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Woody

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Description of the video:

This is the first time Turbo Encabulator was recorded with picture. I shot this in the late 70's at Regan Studios in Detroit on 16mm film. The narrator and writer is Bud Haggert. He was the top voice-over talent on technical films. He wrote the script because he rarely understood the technical copy he was asked to read and felt he shouldn't be alone. We had just finished a production for GMC Trucks and Bud asked since this was the perfect setting could we film his Turbo Encabulator script. He was using an audio prompter referred to as "the ear". He was actually the pioneer of the ear. He was to deliver a live speech without a prompter. After struggling in his hotel room trying to commit to memory he went to plan B. He recorded it to a large Wollensak reel to reel recorder and placed it in the bottom of the podium. With a wired earplug he used it for the speech and the "ear" was invented. Today every on-camera spokesperson uses a variation of Bud's innovation. Dave Rondot (me) was the director and John Choate was the DP on this production. The first laugh at the end is mine. My hat's off to Bud a true talent.

 

Supervisor42

Formerly known as Supervisor42
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Description of the video:

This is the first time Turbo Encabulator was recorded with picture. I shot this in the late 70's at Regan Studios in Detroit on 16mm film. The narrator and writer is Bud Haggert. He was the top voice-over talent on technical films. He wrote the script because he rarely understood the technical copy he was asked to read and felt he shouldn't be alone. We had just finished a production for GMC Trucks and Bud asked since this was the perfect setting could we film his Turbo Encabulator script. He was using an audio prompter referred to as "the ear". He was actually the pioneer of the ear. He was to deliver a live speech without a prompter. After struggling in his hotel room trying to commit to memory he went to plan B. He recorded it to a large Wollensak reel to reel recorder and placed it in the bottom of the podium. With a wired earplug he used it for the speech and the "ear" was invented. Today every on-camera spokesperson uses a variation of Bud's innovation. Dave Rondot (me) was the director and John Choate was the DP on this production. The first laugh at the end is mine. My hat's off to Bud a true talent.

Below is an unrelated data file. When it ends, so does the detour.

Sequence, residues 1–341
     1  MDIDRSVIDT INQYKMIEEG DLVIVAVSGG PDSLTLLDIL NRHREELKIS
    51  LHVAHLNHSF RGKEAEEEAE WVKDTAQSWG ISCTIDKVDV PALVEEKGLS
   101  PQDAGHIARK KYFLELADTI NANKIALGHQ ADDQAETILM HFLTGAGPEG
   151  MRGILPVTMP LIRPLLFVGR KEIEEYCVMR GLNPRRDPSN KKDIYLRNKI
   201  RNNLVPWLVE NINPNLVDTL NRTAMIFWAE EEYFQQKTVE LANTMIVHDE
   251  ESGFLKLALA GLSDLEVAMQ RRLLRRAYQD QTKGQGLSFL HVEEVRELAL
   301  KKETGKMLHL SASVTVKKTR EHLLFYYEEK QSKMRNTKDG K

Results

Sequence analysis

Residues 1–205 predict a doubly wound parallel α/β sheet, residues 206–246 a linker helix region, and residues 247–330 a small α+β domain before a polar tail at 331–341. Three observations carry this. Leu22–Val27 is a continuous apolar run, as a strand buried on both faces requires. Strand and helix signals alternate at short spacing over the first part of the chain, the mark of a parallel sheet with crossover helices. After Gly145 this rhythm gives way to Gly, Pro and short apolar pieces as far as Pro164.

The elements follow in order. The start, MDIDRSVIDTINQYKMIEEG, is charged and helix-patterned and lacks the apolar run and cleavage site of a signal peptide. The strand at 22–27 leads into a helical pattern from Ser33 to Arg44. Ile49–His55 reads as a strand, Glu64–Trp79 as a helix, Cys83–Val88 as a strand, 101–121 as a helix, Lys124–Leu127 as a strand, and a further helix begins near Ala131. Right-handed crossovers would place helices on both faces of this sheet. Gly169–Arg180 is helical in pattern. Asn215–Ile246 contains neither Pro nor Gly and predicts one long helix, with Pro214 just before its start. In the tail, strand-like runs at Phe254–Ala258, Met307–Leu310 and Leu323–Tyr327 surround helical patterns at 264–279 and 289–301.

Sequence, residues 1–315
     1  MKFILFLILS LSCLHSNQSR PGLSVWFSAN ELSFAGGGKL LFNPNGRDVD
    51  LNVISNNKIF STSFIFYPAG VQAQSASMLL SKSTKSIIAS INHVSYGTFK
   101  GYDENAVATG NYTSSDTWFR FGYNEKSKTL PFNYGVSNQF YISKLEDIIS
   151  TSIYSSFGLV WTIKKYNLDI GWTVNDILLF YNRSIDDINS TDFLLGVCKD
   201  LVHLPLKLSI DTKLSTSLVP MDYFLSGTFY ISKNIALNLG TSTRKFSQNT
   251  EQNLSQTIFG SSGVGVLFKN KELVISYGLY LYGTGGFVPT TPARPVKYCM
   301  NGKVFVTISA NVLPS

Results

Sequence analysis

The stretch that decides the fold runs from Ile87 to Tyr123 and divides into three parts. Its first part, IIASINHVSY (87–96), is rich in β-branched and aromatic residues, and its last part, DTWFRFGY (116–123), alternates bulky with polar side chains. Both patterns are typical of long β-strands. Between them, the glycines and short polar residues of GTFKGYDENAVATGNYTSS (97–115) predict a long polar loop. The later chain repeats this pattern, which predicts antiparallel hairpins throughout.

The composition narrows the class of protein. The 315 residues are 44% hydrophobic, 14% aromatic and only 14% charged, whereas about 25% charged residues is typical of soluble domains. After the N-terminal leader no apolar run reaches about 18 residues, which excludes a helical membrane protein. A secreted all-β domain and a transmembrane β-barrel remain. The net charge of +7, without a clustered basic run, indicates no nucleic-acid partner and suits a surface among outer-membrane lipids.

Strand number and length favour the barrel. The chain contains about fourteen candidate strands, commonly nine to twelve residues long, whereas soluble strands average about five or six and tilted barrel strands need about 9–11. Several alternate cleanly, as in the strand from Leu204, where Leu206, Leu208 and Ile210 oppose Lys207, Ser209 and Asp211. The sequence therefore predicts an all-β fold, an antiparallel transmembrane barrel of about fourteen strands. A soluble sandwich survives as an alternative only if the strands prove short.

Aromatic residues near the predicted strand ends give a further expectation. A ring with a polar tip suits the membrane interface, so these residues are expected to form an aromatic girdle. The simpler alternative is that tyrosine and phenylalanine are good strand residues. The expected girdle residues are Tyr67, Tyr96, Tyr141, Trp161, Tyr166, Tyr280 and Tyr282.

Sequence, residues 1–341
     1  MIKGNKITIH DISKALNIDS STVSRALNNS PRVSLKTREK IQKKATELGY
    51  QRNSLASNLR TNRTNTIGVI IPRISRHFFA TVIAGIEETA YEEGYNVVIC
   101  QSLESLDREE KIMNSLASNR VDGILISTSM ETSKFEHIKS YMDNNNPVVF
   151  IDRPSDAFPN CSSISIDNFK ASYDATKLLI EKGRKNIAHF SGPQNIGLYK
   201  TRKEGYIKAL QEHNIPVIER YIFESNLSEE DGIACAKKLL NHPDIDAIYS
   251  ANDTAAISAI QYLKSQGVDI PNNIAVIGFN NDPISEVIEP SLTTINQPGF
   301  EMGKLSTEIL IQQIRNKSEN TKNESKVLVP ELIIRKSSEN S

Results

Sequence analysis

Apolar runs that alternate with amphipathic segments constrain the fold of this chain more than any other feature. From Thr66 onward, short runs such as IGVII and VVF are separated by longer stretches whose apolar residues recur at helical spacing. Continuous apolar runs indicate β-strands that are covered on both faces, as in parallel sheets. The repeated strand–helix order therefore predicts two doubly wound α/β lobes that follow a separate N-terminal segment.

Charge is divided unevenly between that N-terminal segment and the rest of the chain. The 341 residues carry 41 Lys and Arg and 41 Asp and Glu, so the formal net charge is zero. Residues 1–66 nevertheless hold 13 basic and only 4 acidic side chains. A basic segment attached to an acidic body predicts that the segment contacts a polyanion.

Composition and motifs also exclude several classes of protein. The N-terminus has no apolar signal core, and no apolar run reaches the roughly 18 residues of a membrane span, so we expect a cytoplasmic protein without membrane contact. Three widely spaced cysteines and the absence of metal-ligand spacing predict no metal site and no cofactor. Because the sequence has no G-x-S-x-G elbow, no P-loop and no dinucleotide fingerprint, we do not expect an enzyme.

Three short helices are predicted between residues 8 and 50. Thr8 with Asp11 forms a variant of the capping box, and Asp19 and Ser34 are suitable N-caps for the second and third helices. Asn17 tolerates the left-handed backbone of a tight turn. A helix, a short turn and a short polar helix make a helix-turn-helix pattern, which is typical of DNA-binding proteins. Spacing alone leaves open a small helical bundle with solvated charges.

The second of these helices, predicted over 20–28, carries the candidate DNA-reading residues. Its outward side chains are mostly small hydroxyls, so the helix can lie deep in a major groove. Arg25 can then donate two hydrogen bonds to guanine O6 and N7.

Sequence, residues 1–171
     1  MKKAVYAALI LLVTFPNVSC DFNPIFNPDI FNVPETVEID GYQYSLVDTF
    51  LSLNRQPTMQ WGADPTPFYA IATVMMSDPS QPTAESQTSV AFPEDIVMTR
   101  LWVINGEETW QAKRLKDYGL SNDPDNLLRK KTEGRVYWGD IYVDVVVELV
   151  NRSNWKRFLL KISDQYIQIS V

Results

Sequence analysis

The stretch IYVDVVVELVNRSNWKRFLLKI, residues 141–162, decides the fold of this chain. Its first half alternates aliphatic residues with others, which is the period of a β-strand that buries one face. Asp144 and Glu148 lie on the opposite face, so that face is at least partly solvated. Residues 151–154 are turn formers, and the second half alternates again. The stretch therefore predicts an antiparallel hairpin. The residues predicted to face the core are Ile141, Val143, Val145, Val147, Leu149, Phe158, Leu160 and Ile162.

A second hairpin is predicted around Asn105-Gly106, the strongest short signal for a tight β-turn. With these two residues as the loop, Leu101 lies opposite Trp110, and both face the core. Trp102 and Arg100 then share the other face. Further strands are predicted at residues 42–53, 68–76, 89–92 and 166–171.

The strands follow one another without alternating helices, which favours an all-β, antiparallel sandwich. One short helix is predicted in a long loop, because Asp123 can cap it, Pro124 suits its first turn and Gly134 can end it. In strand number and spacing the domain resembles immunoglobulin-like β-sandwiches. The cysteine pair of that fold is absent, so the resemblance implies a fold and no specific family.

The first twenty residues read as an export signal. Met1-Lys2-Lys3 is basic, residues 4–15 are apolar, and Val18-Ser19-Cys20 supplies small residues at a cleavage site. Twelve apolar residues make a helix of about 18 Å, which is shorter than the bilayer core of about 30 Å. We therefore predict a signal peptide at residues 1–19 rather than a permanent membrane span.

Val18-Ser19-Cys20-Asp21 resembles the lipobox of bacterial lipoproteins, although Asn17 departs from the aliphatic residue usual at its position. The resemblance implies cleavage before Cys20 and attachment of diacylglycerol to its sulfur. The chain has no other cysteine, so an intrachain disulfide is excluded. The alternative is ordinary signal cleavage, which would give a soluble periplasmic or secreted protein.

Just so you should know, we technicians worshiped the "Turbo Encabulator" film for decades.
We would often downshift to fake terms when describing the work we did, to a customer in order to fix their machine.
I can tell you, it is really hard not to bust out laughing when your buddy goes into a precise description of the difficulty we had, using complete fiction.
It always started with the "framus coil" as a tipoff to each other.
In the end the customer was always delighted he got a 'miracle' performed for only $800 :thumbs:.
 

Caribou

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Dec 3, 2017
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Alaska
Description of the video:

This is the first time Turbo Encabulator was recorded with picture. I shot this in the late 70's at Regan Studios in Detroit on 16mm film. The narrator and writer is Bud Haggert. He was the top voice-over talent on technical films. He wrote the script because he rarely understood the technical copy he was asked to read and felt he shouldn't be alone. We had just finished a production for GMC Trucks and Bud asked since this was the perfect setting could we film his Turbo Encabulator script. He was using an audio prompter referred to as "the ear". He was actually the pioneer of the ear. He was to deliver a live speech without a prompter. After struggling in his hotel room trying to commit to memory he went to plan B. He recorded it to a large Wollensak reel to reel recorder and placed it in the bottom of the podium. With a wired earplug he used it for the speech and the "ear" was invented. Today every on-camera spokesperson uses a variation of Bud's innovation. Dave Rondot (me) was the director and John Choate was the DP on this production. The first laugh at the end is mine. My hat's off to Bud a true talent.

This reminds me so much of "Jabberwocky."
 

backlash

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We found one of those in a drawer after Grandma died. It was really old but dad took it in to be developed. The pictures came out but nobody knew who the people were. Some old folk from the senior center was the best guess.
My nephew handed those out at his wedding to all the guests. They were some really weird pictures and a few that had shots up some skirts. It turned out a small girl had taken the pictures and she was so short it just happened and nobody realized it at the time.
The bride confiscated and destroyed all those pictures.
 

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